[H]e's so hungry for information. He's always in my ear. "Why did I miss that ball? What do you think about of this? What do you think about that? How should I try and hit that? Have you seen my BP?" Always asking me stuff. Always trying to learn. ... I love it because he gets caught up in the process instead of the results. ... Obviously you want hits, but the process is something you can control. ... We talk hitting and I get his perspective on it. It's cool. I kind of like the way he thinks about some stuff sometimes. It's different. I like different because it kind of opens your mind. ... I like information, so bouncing ideas off of him has been good.
Betts (.350/.442/.750; 1.192 OPS) leads the majors in runs scored (25), and is tied for second in runs created, third in doubles, slugging and OPS, fourth in extra-base hits and average, and tied for fifth in total bases.

ESPN: "Believe it or not, the 2018 major league season is already four weeks old. ... We asked ESPN.com's Bradford Doolittle, Sam Miller and David Schoenfield to weigh in on some of April's most interesting baseball topics."
How many games will the Red Sox win?

Miller: Oh, 94 or so. [Checks Rick Porcello's numbers so far.] Oh, 97 or so. I wouldn't say it's a team that looks radically better than it did a month ago, and they're probably not one of the superteams, but Porcello's bounce back and Price's revival make them a very interesting October threat.

Schoenfield: My original prediction had the Yankees at 99 wins and the Red Sox at 95. I'm ready to flip that based on what I've seen from the Red Sox rotation and the Yankees rotation. So, Red Sox with 99 wins and the division title.

Doolittle: I would go with 97, which is lower than they currently are getting in my simulations, where they average 102.5 wins. However, I think at a certain point, the Red Sox will want to ease up on their starting pitchers to keep them sharp for October. That's especially true of Chris Sale. Plus, as good as Mookie Betts and Xander Bogaerts are, it's unlikely they'll keep their numbers where they are at the moment.
Actually, the Red Sox made it very clear they were "easing up" on Sale as soon as since spring training began. He threw 21 innings in spring training in 2017, but only 14.2 innings this year. His pitch counts for his first three starts were 92, 93, and 87. It was the first time in his career that Sale threw fewer than 100 pitches in three consecutive starts. He has thrown 83 and 103 pitches in his last two outings.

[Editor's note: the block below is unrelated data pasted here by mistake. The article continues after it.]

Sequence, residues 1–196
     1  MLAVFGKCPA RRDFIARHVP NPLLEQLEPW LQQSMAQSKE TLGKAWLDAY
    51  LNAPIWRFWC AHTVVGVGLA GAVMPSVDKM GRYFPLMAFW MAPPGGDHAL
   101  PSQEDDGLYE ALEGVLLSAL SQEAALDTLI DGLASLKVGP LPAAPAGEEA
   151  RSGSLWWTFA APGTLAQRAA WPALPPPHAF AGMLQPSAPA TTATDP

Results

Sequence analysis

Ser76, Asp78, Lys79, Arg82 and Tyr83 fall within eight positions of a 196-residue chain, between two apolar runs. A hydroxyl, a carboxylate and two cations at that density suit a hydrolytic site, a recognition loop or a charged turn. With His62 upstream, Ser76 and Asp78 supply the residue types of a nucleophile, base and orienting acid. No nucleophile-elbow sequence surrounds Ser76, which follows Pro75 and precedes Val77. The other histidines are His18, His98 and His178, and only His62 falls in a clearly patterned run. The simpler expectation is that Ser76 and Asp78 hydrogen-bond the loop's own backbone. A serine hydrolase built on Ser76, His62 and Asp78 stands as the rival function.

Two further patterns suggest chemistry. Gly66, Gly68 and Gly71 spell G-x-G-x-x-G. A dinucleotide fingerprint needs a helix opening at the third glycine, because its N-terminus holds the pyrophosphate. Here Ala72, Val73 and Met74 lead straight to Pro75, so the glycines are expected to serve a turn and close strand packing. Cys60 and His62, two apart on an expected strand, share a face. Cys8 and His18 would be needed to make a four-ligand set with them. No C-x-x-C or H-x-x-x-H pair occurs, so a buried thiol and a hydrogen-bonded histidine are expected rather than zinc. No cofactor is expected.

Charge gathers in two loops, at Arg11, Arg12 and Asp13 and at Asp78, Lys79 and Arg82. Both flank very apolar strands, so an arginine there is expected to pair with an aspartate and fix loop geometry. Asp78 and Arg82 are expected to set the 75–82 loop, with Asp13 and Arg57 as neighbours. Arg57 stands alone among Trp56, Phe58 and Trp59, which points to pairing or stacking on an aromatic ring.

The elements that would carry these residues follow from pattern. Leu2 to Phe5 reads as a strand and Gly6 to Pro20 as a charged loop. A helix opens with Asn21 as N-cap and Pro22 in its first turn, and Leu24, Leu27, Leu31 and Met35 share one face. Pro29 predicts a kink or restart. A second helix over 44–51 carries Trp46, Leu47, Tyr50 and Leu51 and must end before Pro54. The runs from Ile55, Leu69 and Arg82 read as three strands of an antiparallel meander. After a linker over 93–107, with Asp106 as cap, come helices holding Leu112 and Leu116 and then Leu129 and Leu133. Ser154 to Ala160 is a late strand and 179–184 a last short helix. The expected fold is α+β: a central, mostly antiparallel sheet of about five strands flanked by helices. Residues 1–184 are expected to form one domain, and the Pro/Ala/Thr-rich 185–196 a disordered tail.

allan said...

Speier tweets that the Red Sox have struck out 10+ times in four straight games, which ties the team record.
The dates are all since 2010:
July 26-30, 2010
July 10-17, 2011
August 6-9, 2012
April 15-18, 2013
August 23-26, 2014
August 31-September 3, 2014
April 21-25, 2018

allan said...

Today on "Let's Turn Dave O'Brien's Mind Into Knots":

C. Sale: 1-1, 1.86
Estrada: 2-1, 5.32

M. Tanaka: 3-2, 4.97
S. Manaea: 3-2, 1.23

Dylan Bundy: 1-2, 1.42
Brent Suter: 1-2, 5.68

Jim said...

Due to MLB-TV's blackout policy, I was forced to watch the Blue Jays feed for the 3 games. (Blue Jays "territory" is all 3.8 million square miles of Canada). Normally this leads me to muting the telecast and listening to Sox radio on the phone, but I learned that Dan Shulman was in the booth for the Jays. Normally it's Buck Martinez and Pat Tabler, both all-star gasbags. But I knew from past experience that Buck actually defers to Dan and keeps his mouth mostly shut. The result was 3 nights of irritation-free pbp from the booth. Informed commentary on both teams, a bare minimum of in-booth promos (mostly Rogers shit), absolutely no shots of the booth, no guests in the booth and minimal cheer-leading for the home team. There were actual moments of complete silence during pitcher "stalling" episodes. In short, the 3+ hours relatively flew by. The only spontaneous swearing outbursts from me were Red Sox play related.
The notion that O'Brien is somehow a "pro" broadcaster is corporate propaganda.

PK said...

I’m sure that would just prove to him the fallacy of ERA.

allan said...

Jim: Very interesting. I can't stand Buck Martinez's voice/accent and the next insightful thing Tabler says will be the first. But I should perhaps try the opposing feed during other games. Last night, Castiglione made an embarrassingly large number of mistakes, like incorrectly stating what had happened to the previous batter or in the last inning. Plus, he and Neverett seem to get the location of every third or fourth pitch wrong.